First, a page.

Institutional water reforms in Kenya: an analytical review

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Courtesy of IWA Publishing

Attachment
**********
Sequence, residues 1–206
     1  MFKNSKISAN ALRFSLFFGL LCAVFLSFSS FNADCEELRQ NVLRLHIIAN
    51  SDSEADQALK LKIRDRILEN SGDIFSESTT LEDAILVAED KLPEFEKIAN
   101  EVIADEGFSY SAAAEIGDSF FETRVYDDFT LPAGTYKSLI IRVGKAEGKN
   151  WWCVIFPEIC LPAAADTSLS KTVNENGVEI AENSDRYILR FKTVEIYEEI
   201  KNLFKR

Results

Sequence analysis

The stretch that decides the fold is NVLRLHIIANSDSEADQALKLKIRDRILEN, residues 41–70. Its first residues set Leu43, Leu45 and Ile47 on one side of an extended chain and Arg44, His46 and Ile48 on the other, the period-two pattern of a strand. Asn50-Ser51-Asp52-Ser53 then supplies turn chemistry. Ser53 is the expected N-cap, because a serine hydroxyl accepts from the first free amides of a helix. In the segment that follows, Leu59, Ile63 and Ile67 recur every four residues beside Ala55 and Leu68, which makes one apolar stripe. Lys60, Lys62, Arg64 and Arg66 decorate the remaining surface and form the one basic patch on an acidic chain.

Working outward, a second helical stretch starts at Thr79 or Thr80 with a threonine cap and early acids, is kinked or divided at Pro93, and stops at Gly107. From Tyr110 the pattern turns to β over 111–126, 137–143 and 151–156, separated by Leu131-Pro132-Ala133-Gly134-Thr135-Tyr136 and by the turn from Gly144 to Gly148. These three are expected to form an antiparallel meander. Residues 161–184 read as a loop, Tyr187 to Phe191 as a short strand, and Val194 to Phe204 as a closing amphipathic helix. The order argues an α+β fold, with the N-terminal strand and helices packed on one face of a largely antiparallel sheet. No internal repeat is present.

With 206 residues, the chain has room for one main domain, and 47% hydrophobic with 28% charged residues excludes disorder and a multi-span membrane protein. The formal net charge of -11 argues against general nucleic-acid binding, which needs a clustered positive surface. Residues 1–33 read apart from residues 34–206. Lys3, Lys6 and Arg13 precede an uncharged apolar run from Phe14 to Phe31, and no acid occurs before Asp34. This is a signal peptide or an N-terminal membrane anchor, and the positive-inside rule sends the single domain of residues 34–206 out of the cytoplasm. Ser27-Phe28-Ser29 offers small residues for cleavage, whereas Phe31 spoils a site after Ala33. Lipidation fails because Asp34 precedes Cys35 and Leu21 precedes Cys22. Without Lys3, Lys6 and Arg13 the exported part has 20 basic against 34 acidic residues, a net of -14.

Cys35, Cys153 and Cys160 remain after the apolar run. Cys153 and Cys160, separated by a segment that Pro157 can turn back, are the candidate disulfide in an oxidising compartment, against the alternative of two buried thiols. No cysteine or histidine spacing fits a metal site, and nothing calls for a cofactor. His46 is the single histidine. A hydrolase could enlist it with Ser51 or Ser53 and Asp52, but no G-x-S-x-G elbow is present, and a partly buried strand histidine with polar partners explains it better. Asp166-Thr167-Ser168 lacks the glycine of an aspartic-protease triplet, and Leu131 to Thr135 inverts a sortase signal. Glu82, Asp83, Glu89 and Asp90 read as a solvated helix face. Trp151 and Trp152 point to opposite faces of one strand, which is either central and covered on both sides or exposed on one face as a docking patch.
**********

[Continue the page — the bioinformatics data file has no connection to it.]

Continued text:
This paper reviews institutional reforms in the Kenyan water sector and their effect on water access. Despite a long history of reforms, a large proportion of the population still lacks access to water. The review showed that reforms during the colonial period gave the colonial government full control of land and water to satisfy the imperial quest for plantation agriculture and further limited water access to the locals through legislative fiat. After independence, the reforms initiated under ‘African Socialism’ to enhance equity that was severely neglected during the colonial period were adversely affected by global financial crisis of the 1980s. Similarly, the global initiative to ensure ‘water for all’ by 1990 was affected by a similar crisis and the subsequent introduction of neo-liberal policies in the country. The most recent reforms (initiated in 2000) are meant to reduce poverty and promote sustainable development in order to meet the Millennium Development Goals by 2015. The paper shows that by pegging its initiatives on global targets and foreign aid, Kenya has changed its policies and institutions to reflect the global trend several times. This has adversely affected the smooth continuity of policy process in the country.

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